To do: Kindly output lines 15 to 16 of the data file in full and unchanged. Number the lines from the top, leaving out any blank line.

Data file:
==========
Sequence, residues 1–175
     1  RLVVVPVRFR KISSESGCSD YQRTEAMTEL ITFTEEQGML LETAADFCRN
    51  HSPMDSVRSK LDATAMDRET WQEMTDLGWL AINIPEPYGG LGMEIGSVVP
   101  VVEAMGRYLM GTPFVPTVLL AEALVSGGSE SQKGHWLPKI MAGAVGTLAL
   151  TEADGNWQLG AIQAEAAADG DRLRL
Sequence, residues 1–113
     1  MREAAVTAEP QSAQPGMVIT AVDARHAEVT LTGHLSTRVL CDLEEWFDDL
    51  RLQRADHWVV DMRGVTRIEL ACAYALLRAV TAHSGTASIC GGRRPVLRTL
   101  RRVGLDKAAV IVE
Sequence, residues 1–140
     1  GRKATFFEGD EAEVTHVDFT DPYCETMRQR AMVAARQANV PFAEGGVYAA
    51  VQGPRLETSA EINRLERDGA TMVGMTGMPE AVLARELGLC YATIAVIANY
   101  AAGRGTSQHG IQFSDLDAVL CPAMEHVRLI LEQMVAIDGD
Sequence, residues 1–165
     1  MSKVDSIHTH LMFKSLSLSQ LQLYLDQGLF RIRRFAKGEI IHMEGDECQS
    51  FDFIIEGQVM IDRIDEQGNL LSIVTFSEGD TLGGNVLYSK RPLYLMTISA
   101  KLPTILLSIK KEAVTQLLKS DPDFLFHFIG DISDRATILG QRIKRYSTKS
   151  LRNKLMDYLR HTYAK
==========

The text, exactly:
     1  MSKVDSIHTH LMFKSLSLSQ LQLYLDQGLF RIRRFAKGEI IHMEGDECQS
    51  FDFIIEGQVM IDRIDEQGNL LSIVTFSEGD TLGGNVLYSK RPLYLMTISA